In conclusion, preclinical testing of PPAR-α/δ agonist GFT505 is encouraging because of its multifaceted actions (Fig. 1), and if its efficacy is confirmed, we could count it as an effective liver-targeted drug for the treatment of NAFLD/NASH in the near future. Therefore, confirmatory human data are eagerly awaited with the hope of not witnessing the disappointing fate of similar agents that, in spite of showing beneficial effects in experimental models, only modestly influence human disease or are associated with severe unwanted effects.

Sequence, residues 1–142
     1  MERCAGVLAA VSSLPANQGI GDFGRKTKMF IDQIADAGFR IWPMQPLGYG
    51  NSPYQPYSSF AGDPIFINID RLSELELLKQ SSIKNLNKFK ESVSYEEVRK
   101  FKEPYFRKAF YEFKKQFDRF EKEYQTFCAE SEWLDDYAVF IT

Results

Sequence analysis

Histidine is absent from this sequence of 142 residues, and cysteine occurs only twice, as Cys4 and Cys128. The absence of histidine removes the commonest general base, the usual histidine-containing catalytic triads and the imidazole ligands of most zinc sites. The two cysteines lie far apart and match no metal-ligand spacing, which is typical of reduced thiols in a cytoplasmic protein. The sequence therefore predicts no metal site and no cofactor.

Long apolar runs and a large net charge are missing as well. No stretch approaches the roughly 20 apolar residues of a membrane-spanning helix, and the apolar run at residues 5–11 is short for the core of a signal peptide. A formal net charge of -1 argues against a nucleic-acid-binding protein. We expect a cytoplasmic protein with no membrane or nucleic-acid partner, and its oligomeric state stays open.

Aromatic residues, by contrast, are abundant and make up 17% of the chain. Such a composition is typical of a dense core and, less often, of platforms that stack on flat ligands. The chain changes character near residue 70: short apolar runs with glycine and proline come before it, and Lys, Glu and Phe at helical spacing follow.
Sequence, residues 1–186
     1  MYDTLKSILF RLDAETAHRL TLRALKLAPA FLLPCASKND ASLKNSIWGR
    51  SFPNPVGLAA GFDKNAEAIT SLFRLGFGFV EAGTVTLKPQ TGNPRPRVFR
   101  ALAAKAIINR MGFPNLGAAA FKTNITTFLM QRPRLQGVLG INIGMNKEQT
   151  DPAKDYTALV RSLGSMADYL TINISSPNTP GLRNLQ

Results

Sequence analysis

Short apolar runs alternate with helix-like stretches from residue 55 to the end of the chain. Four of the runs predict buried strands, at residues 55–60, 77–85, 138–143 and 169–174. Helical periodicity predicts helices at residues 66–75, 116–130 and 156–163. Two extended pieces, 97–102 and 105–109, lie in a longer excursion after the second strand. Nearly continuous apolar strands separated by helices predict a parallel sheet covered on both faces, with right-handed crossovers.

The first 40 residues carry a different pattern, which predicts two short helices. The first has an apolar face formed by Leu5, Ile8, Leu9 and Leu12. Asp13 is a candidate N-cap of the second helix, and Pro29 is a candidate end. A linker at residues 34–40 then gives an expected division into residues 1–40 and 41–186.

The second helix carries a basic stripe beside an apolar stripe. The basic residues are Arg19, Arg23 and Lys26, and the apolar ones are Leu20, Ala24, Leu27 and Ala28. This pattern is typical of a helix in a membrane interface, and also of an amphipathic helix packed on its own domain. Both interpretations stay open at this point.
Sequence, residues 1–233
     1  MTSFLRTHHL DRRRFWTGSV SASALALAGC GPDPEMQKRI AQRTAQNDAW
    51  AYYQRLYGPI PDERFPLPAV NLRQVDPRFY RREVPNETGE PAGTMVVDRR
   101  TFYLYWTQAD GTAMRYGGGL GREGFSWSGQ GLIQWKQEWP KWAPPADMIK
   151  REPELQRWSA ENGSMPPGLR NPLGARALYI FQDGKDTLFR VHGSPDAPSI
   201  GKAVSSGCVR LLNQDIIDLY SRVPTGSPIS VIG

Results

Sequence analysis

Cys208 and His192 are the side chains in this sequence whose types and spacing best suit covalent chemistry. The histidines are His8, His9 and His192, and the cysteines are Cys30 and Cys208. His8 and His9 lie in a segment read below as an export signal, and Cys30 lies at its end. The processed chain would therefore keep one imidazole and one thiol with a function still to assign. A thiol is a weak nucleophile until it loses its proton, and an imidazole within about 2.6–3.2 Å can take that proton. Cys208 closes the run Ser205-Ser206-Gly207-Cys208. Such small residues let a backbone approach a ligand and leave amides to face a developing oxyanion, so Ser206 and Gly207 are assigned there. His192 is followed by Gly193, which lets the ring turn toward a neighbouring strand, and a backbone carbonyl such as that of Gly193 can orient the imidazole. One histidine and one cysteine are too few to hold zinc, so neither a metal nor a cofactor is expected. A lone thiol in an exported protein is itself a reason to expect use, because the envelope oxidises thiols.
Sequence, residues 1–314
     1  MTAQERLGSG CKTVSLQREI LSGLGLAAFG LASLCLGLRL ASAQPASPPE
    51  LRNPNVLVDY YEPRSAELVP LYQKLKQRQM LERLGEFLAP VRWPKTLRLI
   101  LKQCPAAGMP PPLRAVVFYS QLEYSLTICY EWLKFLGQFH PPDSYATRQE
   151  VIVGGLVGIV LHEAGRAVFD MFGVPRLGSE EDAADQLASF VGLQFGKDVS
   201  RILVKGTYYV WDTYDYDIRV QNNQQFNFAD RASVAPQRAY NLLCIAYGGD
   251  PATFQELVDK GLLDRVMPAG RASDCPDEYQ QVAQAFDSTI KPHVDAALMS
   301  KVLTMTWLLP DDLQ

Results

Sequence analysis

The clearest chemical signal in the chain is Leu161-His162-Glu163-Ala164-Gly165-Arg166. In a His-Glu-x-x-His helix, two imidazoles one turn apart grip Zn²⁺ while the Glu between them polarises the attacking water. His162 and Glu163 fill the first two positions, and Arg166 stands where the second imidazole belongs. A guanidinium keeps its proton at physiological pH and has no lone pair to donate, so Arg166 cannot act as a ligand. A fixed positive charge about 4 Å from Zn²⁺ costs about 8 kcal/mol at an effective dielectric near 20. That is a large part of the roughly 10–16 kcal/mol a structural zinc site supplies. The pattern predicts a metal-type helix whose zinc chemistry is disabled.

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Figure 1. Therapeutic potential of the dual PPAR-α/δ agonism in NAFLD. GFT505, a first-in-class PPAR-α/δ agonist, decreased hepatic steatosis and reduced the expression of proinflammatory and profibrotic genes, attenuating steatosis, inflammation, and fibrosis in rodent models of steatosis, steatohepatitis, and hepatic fibrosis. If confirmed in humans and no safety issues arise, this class of compounds could represent a therapeutic advance for NAFLD/NASH management.

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  • 1

    NRC1, 2, and 3 are the official denomination of PPARs suggested by the Nuclear Receptor Nomenclature Committee, which is based on the evolution of the conserved DNA- and ligand-binding domains (for details, see: www.nursa.org).

References